Binary Search – 2
In the previous article we have seen how binary search works. Now we will solve some different problems using the same method. What we will learn now is better known as bisection method.
Let’s see how bisection works to solve a simple problem. Assuming the language you’re programming in doesn’t have a function to find the square root, you’ll have to write the function yourself. We will write a function named mysqrt(X) where we send the number X and return the square root of the number, X can be decimal, but not less than zero.
We won’t go into any complicated math to find the square root, we’ll find the square root by binary search!
Think back to what we were doing when searching for a number in an array sorted from smallest to largest. If the number in the middle is larger, then the right part is omitted, if it is smaller, the left part is omitted.
When taking the square root, we know that the square root of X must be a number between 0 and X. Let X=15. We will take the middle number first. In this case the middle number is 7.5 which when squared again gives 56.25 which is much bigger than 15. That means the square of all other numbers from 7.5 to 15 is greater than 15, we can omit this part.
Now we will again search between 0 and 7.5. The middle number is 3.75 which when squared gives 14.0625 which is less than 15. That means there is no possibility of finding the square root of the division from 0 to 3.75. Now I will search again between 3.75 and 7.5.
I’m not doing the whole simulation by hand, I hope you understand that we’ll keep searching until we find the square root.
If you run this code, you will see that the square root is 3.87296676636 which is squared again to get 14.9998715733. As you can see, due to the problem of decimal precision, the exact answer was not found, but a close answer was found. Line number 4 is very important, here we decide how long we will continue searching, the longer we search the closer we will get to the correct answer. Here we find the difference between high and low until it becomes too small. If you replace the .0001 with a smaller number, you get better results than before. For example using .000000001 gives the square root of 3.87298334594 which when squared again gives 14.9999999979.
If you want, you can specify how many steps the bisection will run.
This time we searched 64 times without thinking about the difference between high and low. Dividing a number by 64 times 2 means shrinking the number drastically, so you’ll get very close to the correct answer. If you want, you can divide 100 or 200 times instead of 64 times for better results, but in that case the runtime of the code will also increase. While determining the number of steps, one should keep in mind how large the high-low value is and also the time limit of the problem.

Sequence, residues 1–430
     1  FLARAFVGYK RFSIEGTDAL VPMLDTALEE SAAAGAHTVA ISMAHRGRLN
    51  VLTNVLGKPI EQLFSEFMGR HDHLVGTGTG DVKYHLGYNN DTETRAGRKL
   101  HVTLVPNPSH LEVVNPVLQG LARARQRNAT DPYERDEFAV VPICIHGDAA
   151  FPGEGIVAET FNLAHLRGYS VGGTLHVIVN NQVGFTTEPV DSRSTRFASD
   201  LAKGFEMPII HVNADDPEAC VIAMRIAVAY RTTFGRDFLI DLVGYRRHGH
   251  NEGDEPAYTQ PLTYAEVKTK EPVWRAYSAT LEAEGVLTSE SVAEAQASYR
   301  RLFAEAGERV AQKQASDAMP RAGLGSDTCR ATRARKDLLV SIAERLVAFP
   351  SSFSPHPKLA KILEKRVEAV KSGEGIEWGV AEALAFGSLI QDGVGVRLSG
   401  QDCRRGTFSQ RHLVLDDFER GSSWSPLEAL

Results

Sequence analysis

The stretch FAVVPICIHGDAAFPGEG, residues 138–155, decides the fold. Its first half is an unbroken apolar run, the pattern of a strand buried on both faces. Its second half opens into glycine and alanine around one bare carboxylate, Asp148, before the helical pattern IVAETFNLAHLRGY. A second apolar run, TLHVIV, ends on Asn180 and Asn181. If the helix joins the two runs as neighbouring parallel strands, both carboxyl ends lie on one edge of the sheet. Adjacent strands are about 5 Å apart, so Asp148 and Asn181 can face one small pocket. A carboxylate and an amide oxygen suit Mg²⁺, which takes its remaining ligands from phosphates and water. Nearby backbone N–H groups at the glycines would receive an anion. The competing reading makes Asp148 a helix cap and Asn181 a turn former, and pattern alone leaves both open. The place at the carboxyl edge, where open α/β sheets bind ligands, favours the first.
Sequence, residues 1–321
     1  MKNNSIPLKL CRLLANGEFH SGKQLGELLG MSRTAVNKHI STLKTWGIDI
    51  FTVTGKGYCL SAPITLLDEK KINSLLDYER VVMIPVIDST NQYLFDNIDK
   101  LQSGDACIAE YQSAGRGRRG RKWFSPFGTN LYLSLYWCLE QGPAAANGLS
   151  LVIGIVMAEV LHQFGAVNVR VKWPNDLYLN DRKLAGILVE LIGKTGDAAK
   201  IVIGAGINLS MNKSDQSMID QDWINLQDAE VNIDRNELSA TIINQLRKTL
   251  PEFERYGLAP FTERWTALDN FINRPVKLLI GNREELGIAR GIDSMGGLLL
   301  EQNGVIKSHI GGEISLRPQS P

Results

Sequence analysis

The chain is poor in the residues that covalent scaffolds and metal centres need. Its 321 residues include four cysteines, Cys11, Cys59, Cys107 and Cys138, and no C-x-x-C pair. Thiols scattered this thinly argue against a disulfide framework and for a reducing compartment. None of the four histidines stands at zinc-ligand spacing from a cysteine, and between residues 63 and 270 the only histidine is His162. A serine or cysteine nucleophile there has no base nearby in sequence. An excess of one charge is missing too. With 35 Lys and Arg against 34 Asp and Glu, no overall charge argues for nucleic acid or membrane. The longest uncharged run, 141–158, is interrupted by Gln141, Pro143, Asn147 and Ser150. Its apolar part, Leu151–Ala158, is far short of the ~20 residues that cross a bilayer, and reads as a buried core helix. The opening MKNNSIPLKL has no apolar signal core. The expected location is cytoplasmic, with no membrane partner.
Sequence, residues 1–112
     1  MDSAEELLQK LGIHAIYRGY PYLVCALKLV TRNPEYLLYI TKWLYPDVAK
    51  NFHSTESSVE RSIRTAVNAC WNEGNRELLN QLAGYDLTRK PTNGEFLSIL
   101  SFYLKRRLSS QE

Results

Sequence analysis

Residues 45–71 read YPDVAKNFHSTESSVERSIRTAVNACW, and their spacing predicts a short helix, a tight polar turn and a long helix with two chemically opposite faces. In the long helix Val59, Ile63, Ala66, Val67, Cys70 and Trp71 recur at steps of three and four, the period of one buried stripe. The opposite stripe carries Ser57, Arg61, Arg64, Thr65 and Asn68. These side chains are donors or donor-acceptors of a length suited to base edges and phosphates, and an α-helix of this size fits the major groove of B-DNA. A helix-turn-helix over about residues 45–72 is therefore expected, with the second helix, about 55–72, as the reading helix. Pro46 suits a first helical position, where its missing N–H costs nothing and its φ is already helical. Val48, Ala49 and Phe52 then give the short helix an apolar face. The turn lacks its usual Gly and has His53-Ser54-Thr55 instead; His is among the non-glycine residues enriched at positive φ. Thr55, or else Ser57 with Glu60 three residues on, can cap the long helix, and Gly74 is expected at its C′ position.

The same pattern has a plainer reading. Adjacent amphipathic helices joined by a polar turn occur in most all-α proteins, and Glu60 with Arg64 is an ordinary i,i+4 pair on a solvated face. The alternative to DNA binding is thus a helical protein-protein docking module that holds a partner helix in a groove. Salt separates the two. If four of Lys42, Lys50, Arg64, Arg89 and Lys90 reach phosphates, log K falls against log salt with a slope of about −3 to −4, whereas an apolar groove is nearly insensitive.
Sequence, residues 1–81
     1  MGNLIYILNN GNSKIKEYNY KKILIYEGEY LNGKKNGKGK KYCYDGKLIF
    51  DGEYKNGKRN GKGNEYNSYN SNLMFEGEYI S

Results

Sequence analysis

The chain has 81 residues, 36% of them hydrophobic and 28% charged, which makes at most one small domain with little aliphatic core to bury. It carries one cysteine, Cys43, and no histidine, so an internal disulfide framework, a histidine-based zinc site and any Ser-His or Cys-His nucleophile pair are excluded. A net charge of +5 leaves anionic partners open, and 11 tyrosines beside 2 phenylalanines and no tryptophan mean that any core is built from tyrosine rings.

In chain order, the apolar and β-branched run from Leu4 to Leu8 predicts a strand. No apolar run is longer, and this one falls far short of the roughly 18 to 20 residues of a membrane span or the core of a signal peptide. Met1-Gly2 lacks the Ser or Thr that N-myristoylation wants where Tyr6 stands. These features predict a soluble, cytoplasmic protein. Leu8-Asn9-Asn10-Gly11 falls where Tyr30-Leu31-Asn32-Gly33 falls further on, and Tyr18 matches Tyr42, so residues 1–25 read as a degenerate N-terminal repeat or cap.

Many geometry problems can be solved using bisection. Suppose you are given a triangle like the following:
You are given the lengths of AB, AC and BC, and told that DE and BC are parallel. Also, the ratio of the areas of triangle ADE and trapezium BDEC is given by R and u. What is the length of AD?
We can easily solve this by bisection. You assume that the length of AD is x. Now knowing the length of AD, you can easily find out AE, EC, DE using the triangle ratio rule (AD/AB=AE/AC=DE/BC) learned in school. Now you can easily find the area of ADE and BDEC using the length of the side. After knowing the area, find the ratio. If you see that the ratio you get is less than R, then the length x you estimated of AD is less than the actual length. Then you search again in the range from x to high. And if you find that the ratio you get is greater than R, then keep searching in the range from 0 to x. It is your job to figure out how much the value of high will be in the beginning :).
It is very important to understand when bisection will work and when it will not. After learning how to find square roots, you might think that you will solve the equation sin(x)+5*log10(x)=5.27 by bisection. If you assume x=50, then sin(50)+5*log10(50)=9.26. Now can you say for sure that the answer is to the left of 50? Can’t, because if the value of x decreases, the value of sin(x)+5*log10(x) may increase or decrease. Plotting the graph on Google for different values of x gives you:
In this equation, you can’t just do some math on the middle value of a range and cancel out the left or right side, because you have no way of knowing where your answer lies. When taking the square root, the equation is x^2, which is plotted as:
Bisection worked in this case because you could easily discard the left or right side.
There is no need to figure out the plot while solving the problem, I just showed it to you. You can be sure that bisection will work only if a segment can be canceled by looking at the middle value. For example, log(x)+x^2=y can solve this equation by bisection because y always increases as x increases, but tan(x)+x^2=y cannot solve it by bisection.
Now let’s solve a graph problem with bisection. You are given a graph like this:
Each edge is a road with a weight. Now you want to go from A to E in such a way that the maximum weight value on that route is as low as possible. For example, A->B->C->E has a maximum weight of 5, and A->B->E has a maximum weight of 15.
This can easily be solved by bisection. In this case high = 15 at the beginning because the weight of any edge is not more than 15, low = 0, and mid = 7. Now you drop all edges greater than 7 from the graph and see if there is a path from A to G. If not, then the answer to the left of 7 is not possible, discard the left side and search again. Bisection will work in this case because you can cancel the left or right side by looking at the middle value. (This problem can also be solved by slightly modifying Dijkstra’s algorithm instead of bisection.)
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